Saturday, September 17, 2011

Bullying, Your Child, and The Martial Arts

Bullying is a phenomenon that is as old as sentience. It is one of those topics that is very difficult for parents to deal with, because it involves the ugly side of human nature. As a parent, you want to keep your children from the ugliness of life for as long as possible. You wish to preserve the innocence and sweetness of the child. This is an understandable goal. One that all good people share. However, by not addressing the bad, you may inadvertently destroy that very sweetness that you dearly wish to preserve.

Who am I to say such things? Am I a parent? No. I am an Uncle who only gets to see his nieces and nephews when their parents decide to post pictures on Facebook (no, you can't be my friend... unless I know you, or an existing friend vouches for you, then you can), but I am the guy you take your children to when the bullying has gotten so bad that you feel something must be done. I am not going to look at bullying from a parental point of view. That's not my job and way outside my experience. I am going to take a look at bullying from a psychological point of view and how Martial Arts can help you and your children deal with bullying.
Oh, so you have some sort of training and qualifications in Psychology? No... In college I actually lead a petition to get Psychology removed from the science buildings, because it wasn't really a science... It was more of an art. Science requires repeatable data to prove phenomena. In this way Science can describe the macro and the micro phenomena. Psychology is very good at describing human nature in the general sense, but falls rather flat when it comes to the individual. This is good for us because we will look at what Psychology says about bullying in the general sense.

So first, what is bullying? What separates it from teasing? What makes a bully do what they do?

Bullying is described by the following three criteria.
  1. Power inequality
  2. Repetition
  3. Cold, calculated intent to cause harm
These things are very important. Why? Because it is important to separate bullying from teasing. Teasing happens in life, and being able to laugh at a tease, and to return a tease is a fundamental social skill. Teasing is not done coldly. There is an emotional element. The vast majority of the time, the teaser does not mean to hurt the teasee's feelings. The times outside the vast majority the teaser is looking to pick a fight... That is another blog post, though.

So what do we have with the three criteria? Power inequality. Let's face it, the weak do not pick on the strong. Weakness can come in a number of forms: physical weakness, you are weaker or smaller than someone else; mental weakness, you are not as intelligent as someone else; weakness of the heart, you think yourself weak (lack of self esteem or self confidence). Any of these things a bully can pick up on and attack. The bully will be in the superior position, the one being bullied in the inferior.

Repetition. Once the bully finds out that their target can be bullied, they will repeat the bullying over and over. It is never a one and done situation. The bully will attempt to maintain the power inequality, and continue the bullying.

Cold, calculated intent to cause harm. The bully feels nothing for the one being bullied. They are a target. So the bully coldly goes about the business of bullying. The bully will try to inflict damage, in any way that damage can be inflicted both physical and mental.

Now that we know what bullying is, what can we do to stop it? First and foremost, the best way to stop bullying is not to be a target for the bully. That means letting your child know what bullying is and how to avoid it. It means teaching your child to stand up for themselves. Confident people are rarely bullied. Why? It is extraordinarily difficult to get the vital power inequality on a confident person. Only physical power inequality can suffice, and most confident people are willing to take a beating to prove that they will not be dominated easily. Bullies, for the most part, won't take the time to attempt to break a confident person down. There are easier targets. So what builds confidence and self esteem? Doing estimable things. Overcoming adversity. Where can you find a safe environment where a child can do estimable things and overcome adversity?? MARTIAL ARTS!!!!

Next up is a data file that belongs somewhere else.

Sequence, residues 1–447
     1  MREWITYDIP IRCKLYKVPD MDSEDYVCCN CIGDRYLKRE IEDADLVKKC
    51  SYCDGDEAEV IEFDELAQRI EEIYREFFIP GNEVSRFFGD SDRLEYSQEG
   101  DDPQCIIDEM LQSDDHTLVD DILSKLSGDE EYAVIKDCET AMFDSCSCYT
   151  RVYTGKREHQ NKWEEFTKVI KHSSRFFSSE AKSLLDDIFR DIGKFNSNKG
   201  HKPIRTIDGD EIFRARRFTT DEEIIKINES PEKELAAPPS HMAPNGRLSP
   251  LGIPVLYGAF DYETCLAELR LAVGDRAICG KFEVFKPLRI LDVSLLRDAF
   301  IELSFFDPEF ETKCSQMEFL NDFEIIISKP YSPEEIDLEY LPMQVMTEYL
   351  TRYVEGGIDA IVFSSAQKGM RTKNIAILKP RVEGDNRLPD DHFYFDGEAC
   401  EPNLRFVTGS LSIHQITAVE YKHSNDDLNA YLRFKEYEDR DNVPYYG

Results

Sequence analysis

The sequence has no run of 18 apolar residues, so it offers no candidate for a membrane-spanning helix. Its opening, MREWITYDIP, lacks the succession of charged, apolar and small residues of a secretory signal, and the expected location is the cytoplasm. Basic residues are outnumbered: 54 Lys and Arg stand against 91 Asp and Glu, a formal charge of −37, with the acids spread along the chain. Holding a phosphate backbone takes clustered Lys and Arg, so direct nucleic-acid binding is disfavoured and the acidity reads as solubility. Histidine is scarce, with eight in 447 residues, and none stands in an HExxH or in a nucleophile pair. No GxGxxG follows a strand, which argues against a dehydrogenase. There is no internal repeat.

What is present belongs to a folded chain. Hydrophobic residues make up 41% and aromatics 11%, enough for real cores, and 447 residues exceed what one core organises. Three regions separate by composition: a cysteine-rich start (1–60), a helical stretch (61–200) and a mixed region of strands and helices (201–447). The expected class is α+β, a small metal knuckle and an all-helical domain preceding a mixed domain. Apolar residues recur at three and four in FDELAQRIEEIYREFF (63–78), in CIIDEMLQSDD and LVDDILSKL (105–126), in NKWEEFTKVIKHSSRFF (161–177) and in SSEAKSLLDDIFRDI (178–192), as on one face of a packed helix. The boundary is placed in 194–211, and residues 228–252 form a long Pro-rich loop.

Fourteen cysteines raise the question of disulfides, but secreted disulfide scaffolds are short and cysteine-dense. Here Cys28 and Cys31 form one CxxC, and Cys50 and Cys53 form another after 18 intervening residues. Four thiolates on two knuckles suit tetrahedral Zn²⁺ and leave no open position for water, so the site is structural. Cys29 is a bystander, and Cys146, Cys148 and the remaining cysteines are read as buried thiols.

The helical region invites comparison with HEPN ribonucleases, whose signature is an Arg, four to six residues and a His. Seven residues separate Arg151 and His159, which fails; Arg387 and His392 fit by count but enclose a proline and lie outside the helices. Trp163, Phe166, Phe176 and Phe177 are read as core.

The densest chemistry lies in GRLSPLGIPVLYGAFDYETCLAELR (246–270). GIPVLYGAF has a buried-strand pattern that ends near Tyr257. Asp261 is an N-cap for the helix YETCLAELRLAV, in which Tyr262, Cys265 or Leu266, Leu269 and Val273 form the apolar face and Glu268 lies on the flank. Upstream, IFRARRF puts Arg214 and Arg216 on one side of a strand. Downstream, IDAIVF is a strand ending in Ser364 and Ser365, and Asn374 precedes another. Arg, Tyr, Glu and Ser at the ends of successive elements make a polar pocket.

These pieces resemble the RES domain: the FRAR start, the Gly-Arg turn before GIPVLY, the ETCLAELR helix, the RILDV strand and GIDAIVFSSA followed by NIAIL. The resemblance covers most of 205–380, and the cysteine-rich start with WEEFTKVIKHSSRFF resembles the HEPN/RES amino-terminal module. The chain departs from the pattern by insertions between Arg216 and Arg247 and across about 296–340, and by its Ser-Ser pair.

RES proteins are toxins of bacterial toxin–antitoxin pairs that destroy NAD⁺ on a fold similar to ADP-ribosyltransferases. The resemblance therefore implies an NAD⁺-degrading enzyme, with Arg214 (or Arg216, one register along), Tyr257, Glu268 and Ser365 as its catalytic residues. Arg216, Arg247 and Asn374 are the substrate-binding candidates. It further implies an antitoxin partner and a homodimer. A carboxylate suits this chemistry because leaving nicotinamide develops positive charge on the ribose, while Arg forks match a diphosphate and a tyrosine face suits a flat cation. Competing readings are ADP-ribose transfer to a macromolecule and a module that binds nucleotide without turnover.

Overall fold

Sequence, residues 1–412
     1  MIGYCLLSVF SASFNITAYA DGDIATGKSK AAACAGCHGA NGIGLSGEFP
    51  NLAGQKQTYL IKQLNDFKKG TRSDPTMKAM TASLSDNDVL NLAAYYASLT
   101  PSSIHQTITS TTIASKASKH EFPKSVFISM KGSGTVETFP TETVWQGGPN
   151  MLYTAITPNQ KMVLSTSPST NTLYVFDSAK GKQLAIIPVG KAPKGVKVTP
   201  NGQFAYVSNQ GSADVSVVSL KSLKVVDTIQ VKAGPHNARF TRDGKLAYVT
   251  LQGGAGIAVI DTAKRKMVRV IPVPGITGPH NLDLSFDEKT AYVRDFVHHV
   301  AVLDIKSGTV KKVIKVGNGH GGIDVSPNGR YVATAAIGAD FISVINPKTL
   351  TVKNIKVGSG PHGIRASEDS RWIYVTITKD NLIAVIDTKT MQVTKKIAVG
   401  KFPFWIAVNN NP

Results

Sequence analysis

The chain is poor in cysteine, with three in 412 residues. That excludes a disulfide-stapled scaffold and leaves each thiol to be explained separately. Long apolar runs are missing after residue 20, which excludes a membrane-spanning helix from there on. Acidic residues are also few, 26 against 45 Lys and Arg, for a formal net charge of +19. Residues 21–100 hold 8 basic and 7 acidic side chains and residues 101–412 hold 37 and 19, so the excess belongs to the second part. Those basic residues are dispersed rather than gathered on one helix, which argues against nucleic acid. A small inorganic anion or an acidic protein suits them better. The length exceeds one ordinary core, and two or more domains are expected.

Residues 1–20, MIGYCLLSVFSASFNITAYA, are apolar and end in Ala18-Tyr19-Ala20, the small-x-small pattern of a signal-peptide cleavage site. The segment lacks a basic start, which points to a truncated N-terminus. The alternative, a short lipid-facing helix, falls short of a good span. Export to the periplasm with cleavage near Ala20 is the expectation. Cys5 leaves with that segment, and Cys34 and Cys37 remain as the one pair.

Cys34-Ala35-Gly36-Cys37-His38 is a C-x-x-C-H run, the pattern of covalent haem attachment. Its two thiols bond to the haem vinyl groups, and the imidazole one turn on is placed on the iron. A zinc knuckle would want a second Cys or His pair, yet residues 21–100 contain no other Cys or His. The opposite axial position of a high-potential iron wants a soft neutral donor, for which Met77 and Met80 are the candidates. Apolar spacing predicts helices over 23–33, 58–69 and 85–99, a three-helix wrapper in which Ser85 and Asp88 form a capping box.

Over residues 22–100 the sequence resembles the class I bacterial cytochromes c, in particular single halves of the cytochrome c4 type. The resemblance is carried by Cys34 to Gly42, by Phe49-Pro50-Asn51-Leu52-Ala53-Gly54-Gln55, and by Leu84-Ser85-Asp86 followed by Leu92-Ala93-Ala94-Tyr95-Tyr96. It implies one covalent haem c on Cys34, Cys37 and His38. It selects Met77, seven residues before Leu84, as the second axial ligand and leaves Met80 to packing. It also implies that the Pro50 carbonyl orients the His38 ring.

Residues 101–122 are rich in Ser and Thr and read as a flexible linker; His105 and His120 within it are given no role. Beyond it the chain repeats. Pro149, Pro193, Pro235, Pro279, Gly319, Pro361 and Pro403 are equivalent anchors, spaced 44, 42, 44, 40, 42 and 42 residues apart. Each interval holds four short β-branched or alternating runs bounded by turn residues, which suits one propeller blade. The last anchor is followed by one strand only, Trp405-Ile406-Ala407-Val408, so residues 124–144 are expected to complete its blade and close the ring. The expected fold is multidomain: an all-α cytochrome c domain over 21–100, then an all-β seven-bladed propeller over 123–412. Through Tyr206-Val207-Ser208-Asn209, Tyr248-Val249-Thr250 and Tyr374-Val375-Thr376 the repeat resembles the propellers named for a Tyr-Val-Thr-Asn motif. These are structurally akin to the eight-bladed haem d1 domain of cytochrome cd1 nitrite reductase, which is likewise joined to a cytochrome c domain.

In the world of Martial Arts, you must understand that, like I have said in earlier posts, martial artists have an inherent sense of insecurity, most of the time this is because most martial artists were bullied as children. They turned to martial arts to fortify and strengthen themselves so that they would never be bullied again. The rest are athletes who found a neat way to compete against others, and were never bullied, because they are confident people. Their insecurity comes from their fear of failure. Anyway, of these two groups, I want to focus first on the group that was bullied. This group can be further broken down in to those that wish to instill confidence and strength in to their students, and those that, finding themselves now in a position of power inequality, scream and yell and bully their own students to "make them strong." Stay away from the latter. They are easy to spot.
Enough about instructors. The baisic rule is the same in life as it is in finding a good instructor... Stay away from douchebags.

Moving on to arts. What to teach children to teach them to overcome adversity, build their confidence, all the while giving them skills to defeat a bully should they be attacked. In my opinion, there is only one type of art to consider. Grappling arts. Don't get me wrong. I love the striking arts, but in today's school environments, there are no tolerance policies on violence. Grappling arts teach position dominance, and it is easier to suspend a student for landing a jab-cross-hook flying knee combination than for holding another child down in side control. Grappling arts are good as well because they can be put in to practice quicker than striking arts, they can be practiced full speed with out risk of injury, and the child builds confidence and self esteem by escaping from inferior positions. Grappling arts also teach how, with the use if leverage, a smaller weaker person can defeat a bigger stronger person. Exactly the kind of thing needed for the weaker person to get the upper hand on the stronger bully.